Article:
2018 July 13 – Fairbanks to Talkeetna, AK (Part 1)

We were very happy to wake up to sunshine this morning.  The weatherman had predicted clouds and rain for the next four days.  Sunny with high clouds gave us a good chance of seeing at least some of Denali on our drive toward Anchorage.  We were going about 2/3 of the way and stopping for the night in a small cabin on the spur road to a little town called Talkeetna. There are places along the drive that you can see Denali and we kept an eye on the peak as we headed south.  At the Chulitna Overlook there is a clear view of the mountain, right down the road and the mountain was clear to the top.  It was a long way away, but with our zoom lens we were able to get some nice shots.  The spot is obviously well known as a good viewing area because there were five tour buses in the lot. Denali is 20,320′ above sea level and is so high and wide it creates its own weather.  Over 70% of the time the top is covered by cloud.

Once you were a fair distance from Fairbanks you entered the Alaska Range and so today ended up very much like the day we drove to Inuvik; gorgeous mountain after gorgeous mountain.                                        Dragonfly Creek Overlook The National Park Service effectively limits the number of private vehicles in Denali.  You can only drive the first 15 miles (24 km) of the road.  The road is 92 miles (148 km) to the end and but you must take one of the many park shuttles to access any trails, and take a mandatory Ranger course before you do any overnight hikes.  (The shuttle costs  return for $80.75 per adult to get to mile 30 and takes about 4.5 hours.  It takes up to 12 hours return to go all the way to mile 92 for $194.00 per adult.)  There is only one camp ground in the park and it is within the Entrance Loop near the Visitor’s Center.  The majority of people stay at campgrounds or hotels at places that border the park boundary to the north or south.  Healy is 12 miles north of the Denali Entrance and the places was chock-a-block with hotels and cabins and white water rafting and tour companies.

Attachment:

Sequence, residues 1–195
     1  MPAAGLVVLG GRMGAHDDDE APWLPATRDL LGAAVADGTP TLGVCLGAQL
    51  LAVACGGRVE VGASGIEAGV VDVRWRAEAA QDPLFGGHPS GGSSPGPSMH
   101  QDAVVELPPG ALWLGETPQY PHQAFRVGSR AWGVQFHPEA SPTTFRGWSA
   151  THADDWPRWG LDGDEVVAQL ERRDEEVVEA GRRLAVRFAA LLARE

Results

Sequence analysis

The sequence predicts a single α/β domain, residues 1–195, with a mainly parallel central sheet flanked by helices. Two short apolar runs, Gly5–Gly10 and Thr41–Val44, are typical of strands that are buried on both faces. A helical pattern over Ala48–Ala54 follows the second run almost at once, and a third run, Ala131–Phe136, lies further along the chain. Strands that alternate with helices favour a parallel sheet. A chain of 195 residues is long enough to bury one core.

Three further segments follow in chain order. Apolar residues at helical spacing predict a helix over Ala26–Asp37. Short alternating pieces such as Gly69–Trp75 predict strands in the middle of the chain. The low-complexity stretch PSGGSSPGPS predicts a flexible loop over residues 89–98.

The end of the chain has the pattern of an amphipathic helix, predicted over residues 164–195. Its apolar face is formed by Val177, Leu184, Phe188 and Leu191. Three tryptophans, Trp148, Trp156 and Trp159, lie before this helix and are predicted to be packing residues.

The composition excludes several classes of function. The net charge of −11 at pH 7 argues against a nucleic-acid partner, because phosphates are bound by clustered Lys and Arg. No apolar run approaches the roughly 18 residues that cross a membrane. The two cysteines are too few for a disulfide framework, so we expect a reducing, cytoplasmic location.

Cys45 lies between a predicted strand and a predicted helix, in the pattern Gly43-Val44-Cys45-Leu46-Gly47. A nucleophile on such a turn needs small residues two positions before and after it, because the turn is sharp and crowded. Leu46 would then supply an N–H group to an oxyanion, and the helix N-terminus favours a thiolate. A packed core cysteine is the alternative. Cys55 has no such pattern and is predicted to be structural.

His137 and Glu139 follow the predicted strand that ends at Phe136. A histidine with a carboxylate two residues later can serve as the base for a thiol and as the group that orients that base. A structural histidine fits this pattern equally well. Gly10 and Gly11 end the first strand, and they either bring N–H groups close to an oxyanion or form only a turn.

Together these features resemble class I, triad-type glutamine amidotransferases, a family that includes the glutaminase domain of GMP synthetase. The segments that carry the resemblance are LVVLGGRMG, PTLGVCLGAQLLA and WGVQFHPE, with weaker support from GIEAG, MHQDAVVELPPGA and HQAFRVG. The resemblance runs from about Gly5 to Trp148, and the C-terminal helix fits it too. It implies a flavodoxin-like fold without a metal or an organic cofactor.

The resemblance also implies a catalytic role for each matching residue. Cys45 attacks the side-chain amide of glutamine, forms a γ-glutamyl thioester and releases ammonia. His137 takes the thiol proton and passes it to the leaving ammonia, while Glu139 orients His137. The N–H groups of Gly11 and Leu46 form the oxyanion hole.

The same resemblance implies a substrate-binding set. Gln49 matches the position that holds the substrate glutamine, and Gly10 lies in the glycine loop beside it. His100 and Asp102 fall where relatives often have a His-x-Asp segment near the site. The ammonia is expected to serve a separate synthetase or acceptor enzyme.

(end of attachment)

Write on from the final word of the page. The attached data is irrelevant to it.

The Nenana River Canyon is at Healy and we stopped to get an earthcache and to view the river.  There is a great bridge that parallels the road that has little jut-outs so you can get good views of the river.  Talk about a view point.  This hotel is perched on top of the bluff. We learned a new word – or words – today: rock flour.  It is the ground up particles of rock from the glacier that flows in the river.  That is why the water is such a muddy grey colour.  It is 194 km (121 miles) from Fairbanks to the entrance to Denali National Park. The Visitor’s Center was very busy, the parking lots were full of cars, and there were people everywhere.  Obviously Denali is a ‘must-see’ on many Bucket Lists.  I am amazed at how many foreign-speaking people were there as well.  Lots of Germans and Dutch. All the animals in the large diorama were sculptures not taxidermy; which I was happy to see. A topographical rendition of Denali and the surrounding mountains.  We had no plans to do a lot of hiking around in the park. We just wanted to try see the mountain and drive the road the allowable distance.  The weather co-operated and we enjoyed a gorgeous drive. The scenery is so vast I stitch several photos together.  They give a better scale of the expansiveness of the region.  The image can be quite narrow though. If you look carefully at the center of this photo, the white mass under the line of clouds is Denali.  This is the most commonly seen view of the mountain – half covered in clouds. Another word I learned today – gossan.  The huge orange rock exposed here is a gossan.  It is created by the oxidation of iron-sulfide minerals within Yukon-Tanana rocks.  It is rust.  Gossans often indicate the upper part of ore deposits such as gold, silver, lead, zinc, and other minerals.  The area had been explored years before the surroundings became the national park, but it was never excavated. This huge rock formation (there are people climbing around on it and at the base) is at the Savage River parking lot – the end of the road.  If you want to explore the park further or take one of the many, many hiking trails you must go from here by shuttle bus. The Savage River is another one of Alaska’s delta-like, meandering rivers with very wide beds and many streams.  During early spring I am sure it is running water edge to edge. We stopped here on our return for lunch.  I checked the meadow with the binoculars but didn’t see any critters.  Denali is a park ‘teeming’ with wildlife, but we saw nary a one.  At mile 3.5 of the road there are the sled dog kennels.  They give a demonstration three times per day and we just caught the end of the 2 pm one. Around the ceiling in the sled shack (which is the oldest building in Delani National Park that is still used for its original purpose), they have the names of all of their former sled dogs.  The dogs work until they are 9 and then they are adopted out.  They breed all their own dogs at the park.                                                    This is Annie.To be continued….

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